We saw lots of Honey Mesquite Trees in areas where a little water would collect. The Honey Mesquite Tree was perhaps the most important food plant in the Chihuahuan Desert.
The seed, or bean, pods were eaten raw, or collected, ground, mixed with water, and eaten as is or dried into cakes.
No heat was needed to produce this food.
Mesquite flowers and leaves could be boiled up for tea. Various brews of leaves and twigs served as disinfectant for cuts and eyewash for conjunctivitis. Mesquite branches made the best bows. Mesquite firewood was prized – as it is today- for grilling.
There were several species of Agave in the desert, easy to identify.
All parts of the plant were used for food. Even the pineapple-like stem on some types were roasted and eaten- after the leaves were removed. The cooked stem was mashed and eaten. The liquid that was extracted was fermented and made into a beer-like drink called pulque. True Mescal and Tequila are distilled from pulque.
Fibers produced from the leaves by soaking and pounding were used to make bowstrings, clothing, rope, nets, baskets and sandals.
Another Chihuahuan Desert stalwart, the sotol, was also roasted for food, as well as providing fibers, as did the yucca, one of the most useful of desert plants.
Native Americans made soap using the detergent-like compound from the sap of the yucca roots. Yucca stalks, blossoms and seeds were also eaten.
Creosote Bush (Larrea tridentata) was as common as the yuccas and agaves. It has a strong odor that gives it the name. The morning we left the park, it was fairly early, 8 a.m. or so and we were driving with the windows down. The odor of the creosote bush was very strong due to the dew drying off the plants as the sun rose above the desert.
It is known to repel pests. Stems crushed in water helped reduce the pain of rheumatism. Creosote tea, a foul-tasting liquid, was used to treat tuberculosis, and its vapor inhaled for other respiratory ailments. And the lac insect that lives on the plant provides a shellac-like material for mending pottery and making baskets waterproof.
Various cactus species also provided food. The fruits were eaten raw or cooked, and the seeds were ground into meal. The flat pads of the prickly pear
could be eaten after the tiny spines called glocids were rubbed or singed from the jointed stems, which were then boiled. These are known today as nopalitos, and used in many traditional Mexican recipes.
Native Americans were well aware of the medicinal properties of the ephedra plant.An infusion prepared from either green or dried stems treated numerous ailments – canker sores, colds, kidney troubles, and stomach troubles. Dried roots and stems, ground to a powder, were used on wounds and burns.
There are many more plants, of course, in the Chihuahuan Desert in and around Big Bend National Park. I think my favorite plant is the Ocotillo. It looks like a cactus, but it isn’t. It’s a shrub called Fouquieria splendens. It has spiny stems and tiny leaves which come out after rains. The tips sprout red flowers.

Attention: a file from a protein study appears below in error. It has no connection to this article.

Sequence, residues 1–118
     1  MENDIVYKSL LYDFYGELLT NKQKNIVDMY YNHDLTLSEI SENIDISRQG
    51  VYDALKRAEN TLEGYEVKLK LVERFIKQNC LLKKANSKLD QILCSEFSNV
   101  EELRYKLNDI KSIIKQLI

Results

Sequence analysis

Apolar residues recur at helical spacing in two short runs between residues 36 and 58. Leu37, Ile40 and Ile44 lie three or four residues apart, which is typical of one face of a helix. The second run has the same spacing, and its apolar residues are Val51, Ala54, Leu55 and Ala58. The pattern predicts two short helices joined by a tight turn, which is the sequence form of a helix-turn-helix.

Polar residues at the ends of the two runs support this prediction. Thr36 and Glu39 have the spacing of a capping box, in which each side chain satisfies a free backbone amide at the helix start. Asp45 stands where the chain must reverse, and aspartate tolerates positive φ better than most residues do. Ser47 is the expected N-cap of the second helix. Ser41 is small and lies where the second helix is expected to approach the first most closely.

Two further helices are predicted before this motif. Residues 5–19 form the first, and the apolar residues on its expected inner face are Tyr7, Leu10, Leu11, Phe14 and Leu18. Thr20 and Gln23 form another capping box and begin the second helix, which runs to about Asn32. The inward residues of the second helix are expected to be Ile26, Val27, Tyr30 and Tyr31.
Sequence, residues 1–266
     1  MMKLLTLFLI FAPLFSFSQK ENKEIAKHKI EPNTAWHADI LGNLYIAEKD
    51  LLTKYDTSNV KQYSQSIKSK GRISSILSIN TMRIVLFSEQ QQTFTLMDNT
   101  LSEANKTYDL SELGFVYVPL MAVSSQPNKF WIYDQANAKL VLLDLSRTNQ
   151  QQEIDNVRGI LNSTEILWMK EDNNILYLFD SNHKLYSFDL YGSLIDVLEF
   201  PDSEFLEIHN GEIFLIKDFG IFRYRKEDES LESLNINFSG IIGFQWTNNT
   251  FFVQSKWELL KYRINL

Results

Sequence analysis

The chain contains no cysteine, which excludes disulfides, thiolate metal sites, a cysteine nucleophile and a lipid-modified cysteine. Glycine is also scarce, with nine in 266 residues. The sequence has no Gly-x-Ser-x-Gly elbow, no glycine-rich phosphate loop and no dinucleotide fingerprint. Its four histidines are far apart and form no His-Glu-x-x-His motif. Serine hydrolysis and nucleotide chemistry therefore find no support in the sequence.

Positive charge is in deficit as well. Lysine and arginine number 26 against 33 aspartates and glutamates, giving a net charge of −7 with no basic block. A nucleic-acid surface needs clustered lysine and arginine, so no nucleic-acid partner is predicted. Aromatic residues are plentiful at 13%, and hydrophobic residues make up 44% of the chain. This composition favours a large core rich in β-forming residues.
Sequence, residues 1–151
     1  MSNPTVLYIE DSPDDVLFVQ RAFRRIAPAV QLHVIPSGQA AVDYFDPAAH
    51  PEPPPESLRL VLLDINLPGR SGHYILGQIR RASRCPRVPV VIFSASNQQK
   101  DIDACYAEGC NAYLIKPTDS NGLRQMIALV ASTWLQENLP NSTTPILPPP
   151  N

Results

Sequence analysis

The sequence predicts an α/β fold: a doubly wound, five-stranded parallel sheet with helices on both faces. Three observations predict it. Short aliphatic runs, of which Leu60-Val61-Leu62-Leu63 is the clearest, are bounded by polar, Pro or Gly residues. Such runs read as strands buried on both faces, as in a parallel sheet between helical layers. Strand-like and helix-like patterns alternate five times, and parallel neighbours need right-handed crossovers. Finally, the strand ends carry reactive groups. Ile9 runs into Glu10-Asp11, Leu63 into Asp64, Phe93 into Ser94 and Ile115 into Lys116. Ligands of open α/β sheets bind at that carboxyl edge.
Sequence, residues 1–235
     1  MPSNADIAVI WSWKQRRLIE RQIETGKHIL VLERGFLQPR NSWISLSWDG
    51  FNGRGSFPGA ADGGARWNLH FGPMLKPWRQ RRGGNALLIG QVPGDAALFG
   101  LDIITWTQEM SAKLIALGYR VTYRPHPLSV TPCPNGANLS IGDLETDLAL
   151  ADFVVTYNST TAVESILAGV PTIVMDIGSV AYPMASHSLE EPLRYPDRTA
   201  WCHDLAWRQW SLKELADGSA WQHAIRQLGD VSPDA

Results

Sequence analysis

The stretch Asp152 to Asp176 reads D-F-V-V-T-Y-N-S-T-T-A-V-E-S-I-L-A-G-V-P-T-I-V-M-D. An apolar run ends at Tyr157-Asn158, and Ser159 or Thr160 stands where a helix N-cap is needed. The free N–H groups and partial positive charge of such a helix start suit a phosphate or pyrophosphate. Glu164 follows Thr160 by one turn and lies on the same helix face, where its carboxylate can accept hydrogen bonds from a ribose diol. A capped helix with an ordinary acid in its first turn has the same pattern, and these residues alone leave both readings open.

We saw very few blooming Ocotillo and I was glad to get the picture on the left.
Bathing in water that contains crushed flowers or roots of Ocotillo has been used to relieve fatigue.
Native Americans are known to place the flowers and roots of ocotillo over fresh wounds to slow bleeding.
Ocotillo is also used to alleviate coughing, achy limbs, varicose veins, urinary tract infections, cervical varicosities, and benign prostate growths.
The wood is used for firewood and the plant is still used for living fences.
Many of the other dozens of plants I saw in the desert have various uses.
The Desert Willow, (Chilopsis linearis) was widely used for construction, as its pliable wood can be bent into shapes without breaking, and it is very resistant to decay. I have a Desert Willow growing here at my place, that I started from seed many years ago. I was thrilled to see them in their native habitat!
Bark from trees such as junipers and needles from pines could be turned into fibers for baskets and ropes, and their cones were harvested for edible seeds (piñones).
The plant life is so rich in the desert environment of South Texas. The land, at first glance, looks forbidding, parched and rather uninviting. It takes a certain type of person to live there and appreciate the environs for it’s stark beauty and to accept what is available there.
I hope this is not my last visit to the Big Bend. There is so much more to explore. I would like to visit in the Spring when many more of the cacti and other plants are in bloom.
For more detailed information: How Indians Used Desert Plants by James W. Cornett Gathering the Desert by Gary Paul Nabhan Thanks also to Dr. Armando González Stuart of the UTEP/UT-Austin Cooperative Pharmacy Program for his informative guide on medicinal uses of Chihuahuan plants.
QUOTE FOR THE MONTH
There is no such thing as a ‘self-made’ man. We are made up of thousands of others. Everyone who has ever done a kind deed for us, or spoken one word of encouragement to us, has entered into the make-up of our character and of our thoughts.
-George Matthew Adams, newspaper columnist (23 Aug 1878-1962)
Earlier this Spring, I was privileged to present a program for the Comal (TX) Master Gardener Association. Their facility is on the west side of New Braunfels, TX. I arrived early for my talk since I wasn’t sure exactly how long it would take me to get there. I’m very glad I did!
The facility has been planted with various gardens, all flourishing under the care of many dedicated volunteers.
The following is an annotated photo tour of the gardens.
The rose bed was past it’s first big flush of blooms, but still was full of blossoms.
The bed borders the vegetable area.